Becomes imbalanced at times as part of the natural

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becomes imbalanced at times as part of the natural development of the globaleconomy.During 2003-2007, the euro was overvalued versus the US dollarusing the purchasing power of FX value, yet the United States continued tohave a trade deficit with the Eurozone, the opposite direction of tradeimbalance that the ILOP theory would suggest. Moreover, the extent of theeuro’s overvaluation grew throughout this time period. Warren Buffett said inMarch 2008 that the euro would continue to appreciate as long as the UnitedStates continues to import more from the Eurozone than it exports.Another reason that concern over trade imbalances has subsidedsomewhat is the global use of hard currencies. For example, US dollars sentto countries outside the United States for imports are not always returned forgold or official FX reserves. Instead, US dollars often serve more or less as aninternational currency. If US officials were to try to create a depreciation of theUS dollar to correct a trade deficit, confidence in the US dollar as internationalcurrency would drop.22Several views on the trade deficit are in Kenichi Ohmae, “Lies, DamnedLies, and Statistics: Why the Trade Deficit Doesn’t Matter in a BorderlessWorld,”Journal of Applied Corporate Finance, Winter 1991, 98-106, and M.Pakko, “The U.S. Trade Deficit and the ‘New Economy’,”Review of the FederalReserve Bank of St. Louis, September/October 1999, 11-19.
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Chapter 5 / Exercise 5
International Financial Management
Madura
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11Figure 2.2. How the iPhone Widens the US Trade Deficit with China.Source: ADBI working paper 257, Tokyo: Asian Development Bank Institute, Y. Xing; N. Detert, 2010
12February 2004The euro rose by 50% against the US dollar since its low in July 2001. SinceJanuary 2002 the euro rose against the greenback by roughly twice as much as theyen, sterling or the Canadian dollar. When the US dollar first started to drop, America'seconomy was weak, but in February 2004, it was growing far faster than theeconomies of the euro area and Japan. So why was the US dollar still dropping? Giventhat stronger growth in America than elsewhere could cause the high US trade deficitto swell still more, a fall in the US dollar is both inevitable and necessary to reduce thedeficit by making imports dearer and exports cheaper.In the past, the US supported a strong dollar, yet today is thriving on a weakerdollar. The lower FX price is boosting exports and profits. As yet, the weaker dollar hasnot pushed up import prices. Foreign exporters tend to fix their prices in dollars, andhave held prices down. Instead, they have trimmed their profit margins. One bizarreresult is that some German cars are now almost 30% cheaper in America than theyare in Europe. But there is a limit to how much firms can squeeze profits; eventually afalling dollar will push up prices, reducing imports.The current "strength" of the euro is often exaggerated. As recently as 1995the currency (as calculated from a basket of the national currencies that preceded it)was trading much higher, at the equivalent of $1.37. The euro's trade-weighted value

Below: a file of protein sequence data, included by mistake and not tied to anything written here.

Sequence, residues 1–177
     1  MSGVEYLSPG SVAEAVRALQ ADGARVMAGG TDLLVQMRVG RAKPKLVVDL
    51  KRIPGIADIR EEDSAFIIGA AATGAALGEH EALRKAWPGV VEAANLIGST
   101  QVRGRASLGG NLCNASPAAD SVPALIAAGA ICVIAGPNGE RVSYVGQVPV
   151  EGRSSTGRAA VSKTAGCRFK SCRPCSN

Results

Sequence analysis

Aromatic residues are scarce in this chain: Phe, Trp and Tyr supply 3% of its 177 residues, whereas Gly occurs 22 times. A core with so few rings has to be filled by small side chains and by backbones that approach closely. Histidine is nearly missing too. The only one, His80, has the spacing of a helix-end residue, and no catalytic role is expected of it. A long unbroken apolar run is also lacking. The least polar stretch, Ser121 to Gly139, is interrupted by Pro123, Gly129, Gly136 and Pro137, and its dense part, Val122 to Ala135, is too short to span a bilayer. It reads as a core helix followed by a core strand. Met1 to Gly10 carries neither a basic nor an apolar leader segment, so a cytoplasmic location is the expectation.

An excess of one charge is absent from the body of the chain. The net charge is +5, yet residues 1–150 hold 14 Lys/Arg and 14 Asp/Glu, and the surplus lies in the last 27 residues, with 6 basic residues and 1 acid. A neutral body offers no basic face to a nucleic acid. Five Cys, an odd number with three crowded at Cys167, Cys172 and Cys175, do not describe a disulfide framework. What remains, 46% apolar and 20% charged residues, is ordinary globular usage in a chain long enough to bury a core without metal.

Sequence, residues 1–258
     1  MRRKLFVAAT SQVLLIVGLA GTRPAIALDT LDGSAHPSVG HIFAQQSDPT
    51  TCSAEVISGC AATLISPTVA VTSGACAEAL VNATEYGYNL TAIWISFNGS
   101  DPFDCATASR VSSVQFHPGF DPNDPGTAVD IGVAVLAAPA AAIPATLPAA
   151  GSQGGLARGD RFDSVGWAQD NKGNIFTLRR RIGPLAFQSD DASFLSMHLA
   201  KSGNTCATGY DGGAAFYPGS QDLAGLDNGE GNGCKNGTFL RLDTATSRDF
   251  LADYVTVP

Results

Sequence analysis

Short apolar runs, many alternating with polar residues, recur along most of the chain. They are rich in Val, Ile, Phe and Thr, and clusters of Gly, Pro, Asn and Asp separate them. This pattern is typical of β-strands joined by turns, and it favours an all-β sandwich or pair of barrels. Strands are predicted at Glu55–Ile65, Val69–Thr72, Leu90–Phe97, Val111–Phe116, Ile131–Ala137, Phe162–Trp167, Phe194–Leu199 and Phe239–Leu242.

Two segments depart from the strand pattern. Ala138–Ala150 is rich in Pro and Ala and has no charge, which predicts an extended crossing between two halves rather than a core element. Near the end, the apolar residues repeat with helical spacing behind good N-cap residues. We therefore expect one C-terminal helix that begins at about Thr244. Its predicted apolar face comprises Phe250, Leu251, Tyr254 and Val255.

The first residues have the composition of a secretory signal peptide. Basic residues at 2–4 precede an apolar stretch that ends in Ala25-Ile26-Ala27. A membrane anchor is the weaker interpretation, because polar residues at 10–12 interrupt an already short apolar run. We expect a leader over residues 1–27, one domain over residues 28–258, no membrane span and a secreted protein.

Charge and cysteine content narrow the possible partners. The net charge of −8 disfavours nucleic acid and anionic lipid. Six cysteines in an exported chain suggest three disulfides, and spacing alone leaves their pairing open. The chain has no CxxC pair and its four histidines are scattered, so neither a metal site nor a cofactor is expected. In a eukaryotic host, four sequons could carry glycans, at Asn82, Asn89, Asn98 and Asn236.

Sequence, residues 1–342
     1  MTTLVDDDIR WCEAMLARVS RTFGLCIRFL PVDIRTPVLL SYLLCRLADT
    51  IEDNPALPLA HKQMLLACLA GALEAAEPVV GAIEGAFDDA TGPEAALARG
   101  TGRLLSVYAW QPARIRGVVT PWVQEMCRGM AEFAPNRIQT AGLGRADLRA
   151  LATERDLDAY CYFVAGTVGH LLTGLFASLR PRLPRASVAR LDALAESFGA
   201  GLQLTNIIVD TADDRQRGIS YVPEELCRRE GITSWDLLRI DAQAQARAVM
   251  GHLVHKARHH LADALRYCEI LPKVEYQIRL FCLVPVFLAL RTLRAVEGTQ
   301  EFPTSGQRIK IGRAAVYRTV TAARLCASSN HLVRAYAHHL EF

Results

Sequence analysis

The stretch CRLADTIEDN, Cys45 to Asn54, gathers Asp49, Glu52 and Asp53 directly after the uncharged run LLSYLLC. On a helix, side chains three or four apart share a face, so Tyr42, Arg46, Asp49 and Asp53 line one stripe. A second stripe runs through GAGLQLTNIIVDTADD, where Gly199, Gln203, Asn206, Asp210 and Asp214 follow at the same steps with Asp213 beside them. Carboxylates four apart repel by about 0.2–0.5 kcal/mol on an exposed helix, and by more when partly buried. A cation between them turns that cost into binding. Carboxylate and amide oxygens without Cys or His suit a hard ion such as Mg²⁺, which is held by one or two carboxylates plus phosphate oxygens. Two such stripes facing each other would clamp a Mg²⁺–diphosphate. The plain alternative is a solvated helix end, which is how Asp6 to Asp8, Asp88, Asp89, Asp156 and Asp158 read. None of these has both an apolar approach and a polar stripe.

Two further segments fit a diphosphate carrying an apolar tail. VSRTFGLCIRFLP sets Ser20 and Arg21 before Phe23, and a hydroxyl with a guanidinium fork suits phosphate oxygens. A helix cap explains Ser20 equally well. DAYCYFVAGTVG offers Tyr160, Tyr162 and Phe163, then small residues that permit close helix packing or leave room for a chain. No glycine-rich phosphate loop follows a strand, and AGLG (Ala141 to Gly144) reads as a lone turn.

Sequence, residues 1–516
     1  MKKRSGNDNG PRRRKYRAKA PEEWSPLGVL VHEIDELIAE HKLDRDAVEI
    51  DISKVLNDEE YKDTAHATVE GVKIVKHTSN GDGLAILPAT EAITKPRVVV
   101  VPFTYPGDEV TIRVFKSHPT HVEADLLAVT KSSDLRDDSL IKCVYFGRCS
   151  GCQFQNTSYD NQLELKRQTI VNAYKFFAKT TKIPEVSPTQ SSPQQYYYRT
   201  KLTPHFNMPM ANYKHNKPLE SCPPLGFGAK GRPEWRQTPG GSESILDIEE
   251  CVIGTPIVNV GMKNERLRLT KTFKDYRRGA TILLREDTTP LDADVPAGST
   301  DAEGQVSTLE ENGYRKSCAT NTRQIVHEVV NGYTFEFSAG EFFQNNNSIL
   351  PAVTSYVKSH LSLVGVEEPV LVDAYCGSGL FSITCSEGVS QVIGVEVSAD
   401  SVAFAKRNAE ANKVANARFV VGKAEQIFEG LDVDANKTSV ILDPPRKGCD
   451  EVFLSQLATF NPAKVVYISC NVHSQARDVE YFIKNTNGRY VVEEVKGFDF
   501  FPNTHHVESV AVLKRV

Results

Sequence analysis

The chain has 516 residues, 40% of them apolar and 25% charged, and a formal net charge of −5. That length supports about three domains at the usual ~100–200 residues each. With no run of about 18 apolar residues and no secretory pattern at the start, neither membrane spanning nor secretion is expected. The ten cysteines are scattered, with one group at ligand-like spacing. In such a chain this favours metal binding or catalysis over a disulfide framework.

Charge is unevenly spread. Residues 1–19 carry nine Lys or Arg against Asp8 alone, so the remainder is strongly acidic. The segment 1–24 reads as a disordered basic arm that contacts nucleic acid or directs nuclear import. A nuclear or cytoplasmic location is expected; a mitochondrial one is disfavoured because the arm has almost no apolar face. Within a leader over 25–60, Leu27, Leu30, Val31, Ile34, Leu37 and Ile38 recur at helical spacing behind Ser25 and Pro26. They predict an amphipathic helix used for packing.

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Term
Spring
Professor
Krapl,A
Tags
Exchange Rate, Purchasing Power Parity, United States dollar, FX rate
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International Financial Management
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